The major issue facing the housing vacancies in Phoenix and other Sunbelt cities is the issue of reducing population, which was supposedly caused by the recession, which sent people out of their homes and the city. In the event of finding solutions to the problem of the housing vacancies in these cities, increasing the city’s populations is the major challenge that needs to be addressed beforehand. It is a fact that increasing the population in the cities will ensure that most people will be seeking accommodation in the city, thereby reducing the number of vacant houses. Policy formulation will ensure that the number of people coming into the city as either investors or employees will increase. Improving social and physical infrastructure in Phoenix and other major Sunbelt cities will invite more investors. Increasing investments will therefore increase the job opportunities for the locals and invite other job seekers from other cities. This will increase the bargaining power of the residents and their demand for houses, thereby reducing the number of vacant houses.
Alexander, Frank. Renewing Public Assets for Community Development. Washington, D.C.: Local Initiatives Support Corporation, 2000.print
Weinstein, Bernard and Robert E. Firestine. Regional growth and decline in the United States: the rise of the Sunbelt and the decline of the Northeast. New York, NY: Praeger Publishers. 1999. Print
Arigoni, Danielle. Affordable Housing and Smart Growth—Making the Connection. Washington, D.C.: Smart Growth Network Subgroup on Affordable Housing, 2001. Print
Hollander, Justin. Sunburnt Cities: The Great Recession, Depopulation, and Urban Planning in the American Sunbelt”, London: Taylor & Francis. 2011. Print
Bailey, Ruby. The D is a draw: Most suburbanites are repeat visitors. New York, NY: Detroit Free Press. 2012. Print
Brigham, Gordon. Law in Politics: Struggles over Property and Public Space on New York City’s Lower East Side. Law & Social Inquiry vol. 21, no. 29 (2009), 265-283.
Burchell, Listoken. The Adaptive Reuse Handbook: Procedures to Inventory, Control, Manage, and Reemploy Surplus Municipal Properties. New Brunswick, NJ: Centre for Urban Policy Research, Rutgers University. 2007. Print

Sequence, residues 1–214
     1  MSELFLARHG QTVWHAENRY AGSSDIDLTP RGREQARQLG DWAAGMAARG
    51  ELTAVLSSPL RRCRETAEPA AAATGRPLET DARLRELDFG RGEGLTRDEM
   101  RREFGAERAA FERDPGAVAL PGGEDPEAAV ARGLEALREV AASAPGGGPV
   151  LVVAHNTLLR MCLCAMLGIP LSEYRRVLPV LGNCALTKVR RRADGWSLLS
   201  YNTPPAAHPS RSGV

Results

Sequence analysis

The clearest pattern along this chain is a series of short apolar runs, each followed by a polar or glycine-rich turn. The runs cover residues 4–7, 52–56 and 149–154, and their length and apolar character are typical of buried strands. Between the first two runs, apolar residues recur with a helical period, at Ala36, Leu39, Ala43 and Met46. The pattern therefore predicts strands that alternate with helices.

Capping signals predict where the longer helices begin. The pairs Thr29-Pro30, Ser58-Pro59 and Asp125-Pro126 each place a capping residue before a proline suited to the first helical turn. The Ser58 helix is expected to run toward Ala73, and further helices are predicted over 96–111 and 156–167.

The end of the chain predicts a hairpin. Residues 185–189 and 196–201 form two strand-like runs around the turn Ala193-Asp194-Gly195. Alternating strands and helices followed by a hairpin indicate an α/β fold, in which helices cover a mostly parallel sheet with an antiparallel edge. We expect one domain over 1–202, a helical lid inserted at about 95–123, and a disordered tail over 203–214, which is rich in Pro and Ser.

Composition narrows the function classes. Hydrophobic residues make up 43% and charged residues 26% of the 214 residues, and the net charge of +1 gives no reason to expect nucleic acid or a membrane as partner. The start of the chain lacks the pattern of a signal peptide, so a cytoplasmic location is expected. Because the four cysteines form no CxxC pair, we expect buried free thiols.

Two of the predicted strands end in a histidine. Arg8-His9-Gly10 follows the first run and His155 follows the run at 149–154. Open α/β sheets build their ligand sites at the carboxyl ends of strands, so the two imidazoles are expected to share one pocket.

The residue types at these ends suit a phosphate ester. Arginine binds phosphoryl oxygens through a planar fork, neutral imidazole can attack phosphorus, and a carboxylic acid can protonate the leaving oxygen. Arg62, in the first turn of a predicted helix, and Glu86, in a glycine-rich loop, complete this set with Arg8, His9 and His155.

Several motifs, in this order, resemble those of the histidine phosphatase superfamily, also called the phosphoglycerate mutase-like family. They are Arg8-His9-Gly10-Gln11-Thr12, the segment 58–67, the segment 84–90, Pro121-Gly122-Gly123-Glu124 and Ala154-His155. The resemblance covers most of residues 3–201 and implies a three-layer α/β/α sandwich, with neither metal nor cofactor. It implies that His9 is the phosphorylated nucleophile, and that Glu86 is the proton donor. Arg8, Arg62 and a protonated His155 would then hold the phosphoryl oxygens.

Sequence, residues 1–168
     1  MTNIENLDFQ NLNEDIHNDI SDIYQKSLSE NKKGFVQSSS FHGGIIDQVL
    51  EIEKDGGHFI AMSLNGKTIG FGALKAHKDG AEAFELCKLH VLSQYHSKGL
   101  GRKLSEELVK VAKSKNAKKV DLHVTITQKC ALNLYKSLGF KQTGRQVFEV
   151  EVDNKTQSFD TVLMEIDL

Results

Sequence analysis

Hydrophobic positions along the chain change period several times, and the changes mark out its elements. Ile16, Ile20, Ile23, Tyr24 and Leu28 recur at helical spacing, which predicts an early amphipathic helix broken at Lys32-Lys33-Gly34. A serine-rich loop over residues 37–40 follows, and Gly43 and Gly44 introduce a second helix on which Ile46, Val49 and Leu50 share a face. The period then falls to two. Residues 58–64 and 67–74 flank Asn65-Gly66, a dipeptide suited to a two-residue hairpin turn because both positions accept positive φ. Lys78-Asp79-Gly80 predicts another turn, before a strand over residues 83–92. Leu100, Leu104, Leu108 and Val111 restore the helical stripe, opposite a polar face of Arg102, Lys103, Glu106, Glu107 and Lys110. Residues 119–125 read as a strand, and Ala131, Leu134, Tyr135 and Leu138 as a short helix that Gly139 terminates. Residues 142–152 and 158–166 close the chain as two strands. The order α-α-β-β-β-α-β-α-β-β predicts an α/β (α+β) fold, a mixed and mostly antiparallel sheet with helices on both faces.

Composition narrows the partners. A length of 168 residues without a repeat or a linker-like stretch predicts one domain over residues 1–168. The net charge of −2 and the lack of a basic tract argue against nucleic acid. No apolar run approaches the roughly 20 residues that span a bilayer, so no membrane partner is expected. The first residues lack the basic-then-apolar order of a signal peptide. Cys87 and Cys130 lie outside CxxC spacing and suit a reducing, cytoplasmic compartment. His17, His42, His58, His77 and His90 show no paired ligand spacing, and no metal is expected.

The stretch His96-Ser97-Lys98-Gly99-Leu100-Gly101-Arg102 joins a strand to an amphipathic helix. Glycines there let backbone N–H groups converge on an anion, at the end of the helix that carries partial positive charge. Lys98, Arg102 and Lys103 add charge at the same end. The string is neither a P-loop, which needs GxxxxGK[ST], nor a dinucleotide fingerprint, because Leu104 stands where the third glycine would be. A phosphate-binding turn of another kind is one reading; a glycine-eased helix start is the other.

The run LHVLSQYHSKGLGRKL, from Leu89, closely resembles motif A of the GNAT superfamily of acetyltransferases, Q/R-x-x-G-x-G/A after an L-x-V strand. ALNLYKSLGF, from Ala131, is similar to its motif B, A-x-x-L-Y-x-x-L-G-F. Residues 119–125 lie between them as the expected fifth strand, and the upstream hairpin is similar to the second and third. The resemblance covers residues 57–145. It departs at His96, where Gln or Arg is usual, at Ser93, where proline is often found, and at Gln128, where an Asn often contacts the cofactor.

Fisher, Dale. Building Michigan: A Tribute to Michigan's Construction Industry. Grass Lake, MI: Eyry of the Eagle Publishing. 2003. Print
Ford, Larry. America's New Downtowns: Revitalization or Reinvention. London: Johns Hopkins University Press. 2003. Print
Greenberg, Michael. Restoring America's Neighbourhoods: How local people make a difference. New York, NY: Rutgers University Press, 2009.Print
Hillier, Culhane, and Smith, Tomlin. Predicting Housing Abandonment with the Philadelphia Neighbourhoods Information System, Journal of Urban Affairs, vol. 25, no. 1 (2003), 91-106
Hulchanksi, Shapcott.. Introduction: Finding Room in Canada’s Housing System for AllCanadians. In Finding Room: Policy Options for a Canadian Rental Housing Strategy, eds. J. D. Hulchanski and M. Shapcott, 3- 12. Toronto: CUCS Press. 2004. Print
Juran, Joseph and Godfrey, Blanton. Juran's Quality Handbook. 5th ed. New York, NY: McGraw Hill, 2012.Print
Portman, John and Jonathan Barnett. The Architect as Developer. London: McGraw Hill, 2009. Print
Sharoff, Robert. American City: Phoenix Architecture. Wayne: Wayne State University Press.2012. Print
Shlay, Whitman. Research for Democracy: Linking Community Organizing and Research to Leverage Blight Policy. City & Community, vol.5, no. 1, (2002): 153-171
Slington Council. Empty Property Strategy, 2007-2010. London: Islington, 2005. Print
Sternlieb, Burchell, and Hughes, James, Housing Abandonment in the Urban Core. Journal of the American Institute of Planner, Vol.40, No. 5(2005), 321-332.
Tabachnick, Fidell, Using Multivariate Statistics, Fifth Edition. Boston: Pearson Education, Inc, 2009. Print
Wachsmuth, Pasternak. Use it or Lose It: Toronto’s“Abandonment Issues” Campaign for Affordable Housing. Critical Planning vol. 15, no. 1(2008), 6-21
Wilson, Margulis. Spatial aspects of housing abandonment in the 1990s: The Cleveland experience, Housing Studies, Vol.9, No,1. (2004), 493-510.